ConfUser Experience

The user manual didn’t inspire confidence

So after spending the larger part of the last 3 weeks putting together the code for my latest fCC project I finally have it performing to a standard that could be classified as “functioning”. But there still remains a problem, it looks like a dog’s breakfast. Picasso would have had more luck understanding the functionality of my project than any normal end user would.

When I first started free Code Camp I would generally by this point be so over the project that I would just tick it off and move on to the next. These days I have come to realise that having a Ferrari engine can be sexy as hell, but if its under the hood of a Toyota Yaris, people probably aren’t going to take much notice.

I want my work to look as good as I feel about it, I know just how much effort went into it and I want people who see that. Simply spending a little bit of time thinking about the design of your project and coming up with some concepts of how you would like it to look can go a long way.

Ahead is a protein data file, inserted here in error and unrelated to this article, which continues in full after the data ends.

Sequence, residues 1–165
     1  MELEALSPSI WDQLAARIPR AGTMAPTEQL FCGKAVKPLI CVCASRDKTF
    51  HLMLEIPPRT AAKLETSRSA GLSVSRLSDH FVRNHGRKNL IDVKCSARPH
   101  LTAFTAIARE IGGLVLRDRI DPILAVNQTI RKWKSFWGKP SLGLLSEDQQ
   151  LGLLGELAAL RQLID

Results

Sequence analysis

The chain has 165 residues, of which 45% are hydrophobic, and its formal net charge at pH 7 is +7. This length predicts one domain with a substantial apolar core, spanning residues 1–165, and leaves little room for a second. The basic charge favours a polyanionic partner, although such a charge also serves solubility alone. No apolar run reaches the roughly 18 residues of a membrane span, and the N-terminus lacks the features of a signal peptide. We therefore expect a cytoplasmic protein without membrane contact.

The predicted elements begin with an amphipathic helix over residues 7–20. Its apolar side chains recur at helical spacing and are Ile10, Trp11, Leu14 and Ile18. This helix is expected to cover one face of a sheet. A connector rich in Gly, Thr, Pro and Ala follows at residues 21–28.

Usually I use Adobe Illustrator to create these concepts (as can be seen below), but there are a heap of decent free programs out there that can be used just as easily, baring that, a pencil and a piece of paper is your best friend. I usually try and create different ideas for desktop, tablet and mobile and then try and implement them using basic media queries.


When you spend so much time and effort on building and creating a project on free Code Camp, its worth spending just a little bit more on making it look as good as it performs.

Luke

Code Wars!!

I will fight anyone who calls this movie stupid.

https://www.codewars.com/

I recently came across this site whilst looking for more opportunities to practise javascript problems. Ive found that this site is great for pushing you to the peak of your abilities and really helps you improve your coding as it shows you the top solutions after you have solved the problem.